The Pattern Tree is a method to alter stuck and self-defeating behavioral patterns. In this process our awareness is brought to how we perform a behavior and to the beliefs, feelings, sensations, urges, and intentions involved in each segment of the behavior pattern. The Behavior Tree is a map of our activity and the internal processes that go on before and during a behavior pattern. Change is brought about by integrating the beliefs, feelings, sensations, and urges involved, by altering intentions, and by altering or halting the physical behavior.
Warning: Folks with a history of mental illness, PTSD, or panic are urged not to use these techniques without a therapist. If you decide to do these processes you will agree to absolve the webmaster, the webhost, Emoclear.com, and Steve Mensing of any responsibility for the application or misapplication of these processes. There is always in any process the possibility that someone could experience some discomfort.
1. Bring awareness to all segments of a behavioral pattern: Review your chosen behavior from start to finish. Notice the behavior's different parts or segments. When you are finished go immediately to step 2.
2. In either your imagination or in real life perform a behavioral pattern which you prefer to alter: Either in your imagination or in real life perform a behavioral pattern from start to finish which you prefer to alter. In the first run through just observe what is happening. In a second run through jot down any beliefs, feelings, intentions, sensations, or urges that you have during the behavior. Run the behavior a third time to notice any beliefs, feelings, intentions, sensations, or urges that you might have missed. Also notice any unusual or specific behavioral segments that appear in behavioral run through.
3. Choose 3 internal elements within the behavioral pattern which you would prefer to integrate: Choose 3 internal elements within the behavioral pattern which you would prefer to integrate. These would be beliefs, feelings, intentions, sensations, or urges. Choose 3 from the 5 categories. When you have integrated these three internal elements, then proceed to step 4.
4. Alter the behavioral pattern by choosing to do 2 of the following changes: Alter the behavioral pattern by choosing to do 2 of the following changes:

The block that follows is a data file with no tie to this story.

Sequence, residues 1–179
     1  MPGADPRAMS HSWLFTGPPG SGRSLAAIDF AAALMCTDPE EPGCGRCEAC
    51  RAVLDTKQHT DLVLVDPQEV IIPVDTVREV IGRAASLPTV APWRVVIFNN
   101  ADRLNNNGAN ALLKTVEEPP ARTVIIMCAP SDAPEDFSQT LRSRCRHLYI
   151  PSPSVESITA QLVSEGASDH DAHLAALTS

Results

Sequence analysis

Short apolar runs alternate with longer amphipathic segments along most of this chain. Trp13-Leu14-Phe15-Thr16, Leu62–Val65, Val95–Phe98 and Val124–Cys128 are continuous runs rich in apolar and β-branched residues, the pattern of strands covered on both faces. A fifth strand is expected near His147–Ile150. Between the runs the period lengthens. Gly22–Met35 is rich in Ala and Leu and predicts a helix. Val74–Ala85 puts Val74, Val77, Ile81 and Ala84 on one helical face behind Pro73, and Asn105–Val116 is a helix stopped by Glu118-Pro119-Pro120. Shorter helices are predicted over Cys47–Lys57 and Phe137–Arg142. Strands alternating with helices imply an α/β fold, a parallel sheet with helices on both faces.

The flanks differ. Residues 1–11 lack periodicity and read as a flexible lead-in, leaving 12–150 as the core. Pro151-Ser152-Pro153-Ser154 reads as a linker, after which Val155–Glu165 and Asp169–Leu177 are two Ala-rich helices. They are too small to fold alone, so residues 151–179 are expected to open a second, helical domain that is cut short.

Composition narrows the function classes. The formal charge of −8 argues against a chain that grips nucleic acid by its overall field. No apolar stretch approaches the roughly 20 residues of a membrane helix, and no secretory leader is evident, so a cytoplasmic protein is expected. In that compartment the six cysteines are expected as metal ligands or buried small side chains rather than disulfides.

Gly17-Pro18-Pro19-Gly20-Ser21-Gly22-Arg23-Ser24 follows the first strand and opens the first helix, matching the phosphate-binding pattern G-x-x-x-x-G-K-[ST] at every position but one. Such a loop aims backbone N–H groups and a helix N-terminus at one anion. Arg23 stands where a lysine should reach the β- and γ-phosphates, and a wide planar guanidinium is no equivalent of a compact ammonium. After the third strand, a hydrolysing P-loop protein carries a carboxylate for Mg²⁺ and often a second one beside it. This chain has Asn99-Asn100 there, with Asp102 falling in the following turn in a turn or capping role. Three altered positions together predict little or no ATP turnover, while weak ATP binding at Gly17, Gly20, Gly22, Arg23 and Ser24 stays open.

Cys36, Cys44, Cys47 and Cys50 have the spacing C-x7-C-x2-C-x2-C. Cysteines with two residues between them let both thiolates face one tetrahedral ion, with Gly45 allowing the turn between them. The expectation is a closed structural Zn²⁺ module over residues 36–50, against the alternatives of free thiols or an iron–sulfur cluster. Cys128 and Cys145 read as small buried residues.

Change the behavioral pattern's rate of frequency--Chose from not occurring at all to several times a day.
Change the location of the behavioral pattern. Move it somewhere else.
Interrupt or halt any or all of the segments within the behavioral pattern.
Subtract or add segments to the behavioral pattern.
Speed up or slow down the behavioral pattern's duration.
Perform the behavioral pattern without its problematic elements.
5. Would you either drop the behavioral pattern entirely or go with your newly altered version: Would you either drop the behavioral pattern entirely or go with your modified version? If you made a choice to drop the behavioral pattern, then integrate it with an integrator or the Emo Reviewer. If you wish to use a revised version of the behavior, then practice this revised version in your imagination or in real life until it feels natural and becomes a habit. Before you use the revised version, review whether it fits where you are employing it. Do ecology check, as seen below. Make any further changes required. You have not finished installing the behavior until it feels natural and becomes habitual. Using an integrator can help with overcoming feelings of unnaturalness.
Ecology check of a new behavior:
Ask yourself questions like these:
Is this behavior something you want?
Does it improve your life or ability to perform?
Does it fit with your short-term and long-term goals?
Does it keep you out of significant conflict with others? (Unless the conflict is something you prefer).
Does it affect either your physical or mental health?
Could another behavior work better for you?
Will this behavior affect your other behaviors adversely?
Is it right for the context where it's employed?
Does it fit with your values?
Are there future consequences for this behavior?
What might make it difficult to perform in some instances?
How will this impact on your relationships?
Have fun, Steve